Despite the advance of technology, salespeople continue to face one big challenge: simply connecting with customers or prospects. Call a prospect, and what do you get? Voicemail, most of the time. Email a customer to schedule an appointment, and you end up playing tag before agreeing on a time to talk. It would be great if we had personal assistants to do the connecting tasks for our reps, but that can be cost-prohibitive. So is this just the way of life? Not necessarily.
Since the beginning of the year I have been contacted by several new players in the CRM space, offering what I have started to term digital assistant solutions for sales reps. Let me share a couple that caught my attention.
Prospecting. ConnectAndSell (www.connectandsell.com), of Redwood City, Calif., offers an interesting combination of software and "liveware" to help your rep connect with potential clients. The way it works is elegant in its simplicity: Your sales rep sets aside a two-hour time period to call prospects, signs into ConnectAndSell, uploads the call list to use, and tells the system "I’m ready."
Eight ConnectAndSell reps immediately start making calls. Within two-tenths of a second from the time any of them reaches a live person, the call is transferred to the rep. The contact information for the person being called pops up simultaneously on the rep’s PC, and the dialogue can start immediately. Testing this myself, I found the transfer to be so quick that the person I was calling -- well, the person who was called for me -- had no idea that I hadn’t initiated the call myself.
After the conversation, the salesperson updates the call notes, hits the "go" button, and the ConnectAndSell team starts calling again. Based on the combination of working harder (eight dialing fingers are better than one) and smarter (instantaneous call transfers and contact-data pop-ups), the salesperson spends those two hours doing lots of talking -- and zero time dialing.
Scheduling appointments. TimeTrade Systems (www.timetrade.com), of Bedford, Mass., has an answer. Say a sales rep is in the middle of last-minute negotiations with a prospect firm. He gets word that its CFO wants to discuss the warranty before she will sign off on a contract forecast to close this month. With TimeTrade’s TimeDriver, the salesperson now has access to a digital assistant to make sure that this meeting happens.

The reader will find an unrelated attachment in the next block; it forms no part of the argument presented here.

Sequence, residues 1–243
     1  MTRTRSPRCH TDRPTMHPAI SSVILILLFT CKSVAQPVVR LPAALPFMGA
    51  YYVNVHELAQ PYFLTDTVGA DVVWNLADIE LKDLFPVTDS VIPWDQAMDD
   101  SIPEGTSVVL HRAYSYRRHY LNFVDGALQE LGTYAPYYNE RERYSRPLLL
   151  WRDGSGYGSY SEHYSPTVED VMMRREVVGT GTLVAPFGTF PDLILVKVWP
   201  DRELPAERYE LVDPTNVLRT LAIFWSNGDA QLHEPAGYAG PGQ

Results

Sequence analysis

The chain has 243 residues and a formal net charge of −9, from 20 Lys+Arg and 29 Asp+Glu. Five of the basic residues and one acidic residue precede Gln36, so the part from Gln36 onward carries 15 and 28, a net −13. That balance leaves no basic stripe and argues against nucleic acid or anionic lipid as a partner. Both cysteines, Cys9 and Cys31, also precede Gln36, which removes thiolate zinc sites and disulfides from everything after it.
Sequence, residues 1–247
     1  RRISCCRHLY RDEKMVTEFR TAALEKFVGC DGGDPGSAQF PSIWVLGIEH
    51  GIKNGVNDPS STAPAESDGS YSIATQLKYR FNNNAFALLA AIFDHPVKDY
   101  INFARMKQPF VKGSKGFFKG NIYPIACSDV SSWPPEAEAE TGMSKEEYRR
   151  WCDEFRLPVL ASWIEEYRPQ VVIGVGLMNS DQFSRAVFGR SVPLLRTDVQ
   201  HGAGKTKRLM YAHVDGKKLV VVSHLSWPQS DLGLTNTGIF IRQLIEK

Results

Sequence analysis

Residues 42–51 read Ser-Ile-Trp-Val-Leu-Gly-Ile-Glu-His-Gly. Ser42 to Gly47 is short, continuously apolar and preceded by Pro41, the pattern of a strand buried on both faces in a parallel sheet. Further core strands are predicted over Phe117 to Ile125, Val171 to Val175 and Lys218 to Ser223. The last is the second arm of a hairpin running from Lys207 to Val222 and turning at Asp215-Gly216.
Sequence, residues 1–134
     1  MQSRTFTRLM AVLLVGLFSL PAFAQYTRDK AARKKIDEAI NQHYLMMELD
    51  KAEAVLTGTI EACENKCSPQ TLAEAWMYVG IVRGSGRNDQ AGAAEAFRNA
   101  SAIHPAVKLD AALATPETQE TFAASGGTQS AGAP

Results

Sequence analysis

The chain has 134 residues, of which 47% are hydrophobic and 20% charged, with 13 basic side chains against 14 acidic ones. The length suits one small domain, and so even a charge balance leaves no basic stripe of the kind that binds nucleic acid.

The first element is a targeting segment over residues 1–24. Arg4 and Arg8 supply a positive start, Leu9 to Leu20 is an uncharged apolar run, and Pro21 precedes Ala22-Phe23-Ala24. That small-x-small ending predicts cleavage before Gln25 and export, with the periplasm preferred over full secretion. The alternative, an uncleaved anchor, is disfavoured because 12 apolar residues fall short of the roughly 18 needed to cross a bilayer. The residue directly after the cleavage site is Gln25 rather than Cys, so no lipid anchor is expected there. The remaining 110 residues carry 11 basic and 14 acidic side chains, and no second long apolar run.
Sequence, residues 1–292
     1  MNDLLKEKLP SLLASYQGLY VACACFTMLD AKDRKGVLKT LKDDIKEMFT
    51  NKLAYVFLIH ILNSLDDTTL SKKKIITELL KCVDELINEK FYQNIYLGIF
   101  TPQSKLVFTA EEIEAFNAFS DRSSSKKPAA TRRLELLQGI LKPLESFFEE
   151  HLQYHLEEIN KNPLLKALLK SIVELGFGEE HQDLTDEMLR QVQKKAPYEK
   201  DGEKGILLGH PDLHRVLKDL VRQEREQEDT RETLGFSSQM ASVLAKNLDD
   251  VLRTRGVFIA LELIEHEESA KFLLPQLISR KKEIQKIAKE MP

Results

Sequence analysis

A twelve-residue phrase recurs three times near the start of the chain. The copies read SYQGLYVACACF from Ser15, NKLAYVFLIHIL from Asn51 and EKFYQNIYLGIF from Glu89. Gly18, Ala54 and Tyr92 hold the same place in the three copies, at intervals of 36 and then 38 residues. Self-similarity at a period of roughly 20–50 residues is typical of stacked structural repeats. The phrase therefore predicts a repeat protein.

The rep sees what times he has available over the next couple of days to get the issue resolved. He then sends the CFO an email (as he might normally do), but this time he uses TimeDriver. The email asks the CFO for a meeting, and at the end of the communiqué there is a button that says simply "Schedule Now." As soon as the CFO hits that link, she now has dynamic access -- via TimeDriver -- to all of the times the rep is available to talk, and she can pick the day and time that works best for her.
The application then takes communication enhancement several steps further by prompting the CFO to tell the rep what part of the warranty agreement she wants to discuss. Thus, the salesperson not only has a time set to review the agreement, but also knows what the issues are beforehand. TimeDriver then automatically sends the CFO an email confirming the appointment, and drops the scheduled appointment into her Outlook or Google calendar. In addition, shortly before the scheduled date and time, TimeDriver emails her a meeting reminder.
These and dozens of other solutions entering the market are positioning CRM to be an invaluable tool in terms of taking over the admin tasks -- freeing reps to do more of what we hired them to do in the first place: sell.
Jim Dickie is a partner with CSO Insights, a research firm that specializes in benchmarking CRM and sales effectiveness initiatives. He can be reached at email@example.com.